Read an excerpt from Ch. 6, “Feedback in a Digital World,” from Mark Barnes’s new book, Assessment 3.0 (publishing February 3, 2015).
Assessment 3.0: Throw Out Your Grade Book and Inspire Learning
Most educators take for granted that “A-through-F” grades are the best measure of learning. But Mark Barnes’s formula for feedback, titled SE2R (Summarize, Explain, Redirect, Resubmit), has delivered stunning results to the forward-thinking schools that have tried it.
Now you can tap into the power of SE2R to supercharge student learning and accountability. The method in this book will loosen and then break your classroom’s dependence on traditional grading systems that do little more than silence student voices.
Delving into what really motivates students, the book covers:
- How GPA is a classic example of “the tail wagging the dog”
- Utilizing mobile devices and social networks to maximize the benefits of SE2R
- Addressing and overcoming bureaucratic resistance to change
- Real-life case studies proving SE2R’s viability
Your greatest responsibility is to your students. Don’t wait another day to start dismantling the grading system that is currently “failing” them all.
“Revolutionary. Why? Tossing out grades does not equate tossing out learning. We spend a lot of time talking about data and growth. In Assessment 3.0, Mark Barnes focuses on the revelation and growth of the Independent Learner- our students. This is a great read for any teacher or administrator.”
—Creed Anthony, Teacher/Writer of “Your Parent-Teacher Conference” weekly column on LifeofDad.com
“Mark Barnes is a leader and revolutionary voice in the movement to rid our educational system of an outdated assessment model. In Assessment 3.0, he delivers a persuasive pitch that current grading practices are both poor reflections of learning and damaging to students. Not only does he clearly define the problem, he offers a powerful solution with his SE2R model and delivers a blueprint for implementation that can transform classrooms and schools.”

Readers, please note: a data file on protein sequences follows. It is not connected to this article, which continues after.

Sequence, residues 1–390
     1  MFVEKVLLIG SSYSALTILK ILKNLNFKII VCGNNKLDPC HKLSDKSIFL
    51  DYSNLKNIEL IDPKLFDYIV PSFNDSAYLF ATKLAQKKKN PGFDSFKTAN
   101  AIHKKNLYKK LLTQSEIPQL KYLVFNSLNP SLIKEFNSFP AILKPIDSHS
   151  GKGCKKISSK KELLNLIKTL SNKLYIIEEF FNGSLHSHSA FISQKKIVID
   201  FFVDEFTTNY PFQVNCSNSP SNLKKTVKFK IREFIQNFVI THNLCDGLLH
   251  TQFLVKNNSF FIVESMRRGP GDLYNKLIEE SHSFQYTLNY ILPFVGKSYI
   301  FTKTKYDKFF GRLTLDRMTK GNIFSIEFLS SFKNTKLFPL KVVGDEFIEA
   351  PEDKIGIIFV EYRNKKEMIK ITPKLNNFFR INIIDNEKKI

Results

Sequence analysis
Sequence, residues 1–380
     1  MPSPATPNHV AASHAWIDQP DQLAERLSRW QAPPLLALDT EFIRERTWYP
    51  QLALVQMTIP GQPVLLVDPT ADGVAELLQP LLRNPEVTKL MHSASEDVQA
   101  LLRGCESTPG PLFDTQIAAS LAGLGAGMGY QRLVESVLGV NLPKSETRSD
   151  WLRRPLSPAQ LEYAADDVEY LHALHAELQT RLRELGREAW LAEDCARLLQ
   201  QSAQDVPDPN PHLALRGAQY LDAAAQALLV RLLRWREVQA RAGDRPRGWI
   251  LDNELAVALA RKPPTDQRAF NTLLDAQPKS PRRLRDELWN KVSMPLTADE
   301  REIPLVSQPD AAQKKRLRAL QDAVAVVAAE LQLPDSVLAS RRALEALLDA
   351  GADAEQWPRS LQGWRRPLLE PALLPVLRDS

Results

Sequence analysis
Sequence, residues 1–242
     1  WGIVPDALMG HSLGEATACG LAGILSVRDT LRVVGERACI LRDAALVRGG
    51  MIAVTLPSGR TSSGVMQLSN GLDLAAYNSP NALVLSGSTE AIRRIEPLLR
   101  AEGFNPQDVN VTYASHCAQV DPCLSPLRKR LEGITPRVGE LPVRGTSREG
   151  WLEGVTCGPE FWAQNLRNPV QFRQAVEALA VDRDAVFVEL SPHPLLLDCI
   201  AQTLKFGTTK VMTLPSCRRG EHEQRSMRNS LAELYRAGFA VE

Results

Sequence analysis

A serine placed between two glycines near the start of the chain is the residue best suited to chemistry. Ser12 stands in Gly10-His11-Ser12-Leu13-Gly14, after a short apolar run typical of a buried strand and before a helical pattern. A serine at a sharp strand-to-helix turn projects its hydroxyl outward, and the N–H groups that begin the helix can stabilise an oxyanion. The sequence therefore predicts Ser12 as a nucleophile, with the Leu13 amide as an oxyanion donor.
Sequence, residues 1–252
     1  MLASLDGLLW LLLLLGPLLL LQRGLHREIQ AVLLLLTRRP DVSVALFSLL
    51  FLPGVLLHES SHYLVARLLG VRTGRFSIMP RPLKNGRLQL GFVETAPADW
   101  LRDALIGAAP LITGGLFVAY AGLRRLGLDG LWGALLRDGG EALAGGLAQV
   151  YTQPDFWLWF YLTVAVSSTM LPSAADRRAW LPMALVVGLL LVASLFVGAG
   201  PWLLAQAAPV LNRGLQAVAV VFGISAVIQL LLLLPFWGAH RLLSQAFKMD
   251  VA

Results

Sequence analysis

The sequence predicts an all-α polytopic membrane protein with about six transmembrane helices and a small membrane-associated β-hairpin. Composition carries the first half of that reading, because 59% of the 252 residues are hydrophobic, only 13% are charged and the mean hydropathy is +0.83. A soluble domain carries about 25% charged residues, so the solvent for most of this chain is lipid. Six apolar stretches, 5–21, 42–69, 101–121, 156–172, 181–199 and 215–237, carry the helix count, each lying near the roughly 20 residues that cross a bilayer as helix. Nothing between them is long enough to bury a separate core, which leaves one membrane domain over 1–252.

—Dave Burgess, Educator, Professional Development Speaker, and Author of Teach Like a Pirate
“Barnes is bold, insightful and right! It is time to not only throw out your grade books, but all the misinformation in your brains that supports the need for grades! None of us became teachers so we could have color-coded grade books. We became educators to make a difference in the minds of our students. This book shows us how!”
—Russell J. Quaglia, President/Founder
Quaglia Institute for Student Aspirations
“This text contains outstanding resources for communicating to stakeholders who care about how assessment systems can impact student behaviors and performances. If you are interested in changing how students and teachers view traditional grading systems, this book is a must read. Assessment 3.0 can be a revolutionary tool.”
—D. Allan Bruner, National Board Certified Teacher
Colton High School, Colton, OR
“Mark has done something important in writing this book. He argues–clearly and with hope–for specific, actionable change right now in our early 21st century classrooms. Here’s the potential, here’s the problem, and here’s a way forward. This is a practical model for ed reform in general.”
—Terry Heick, Director of TeachThought
“Nothing destroys a student’s creativity and passion for learning as fast or as completely as grades. Mark Barnes examines how that happens In Assessment 3.0, but he does much more than simply critique standard assessment tools, which have remained virtually unchanged in America for over 100 years. The veteran teacher guides readers through a fascinating investigation of how throwing out grades, while embracing digitally-enhanced independent learning, fosters a superior learning environment—one that also does a far better job of developing real-world skills that prepare students to excel in the world of tomorrow. This book has completely transformed how I approach teaching, and I can’t recommend it highly enough to anybody interested in the future not just of education but also our nation.”
—David Cutler, National Association of Independent Schools Teacher of the Future
ontributor, The Atlantic and Edutopia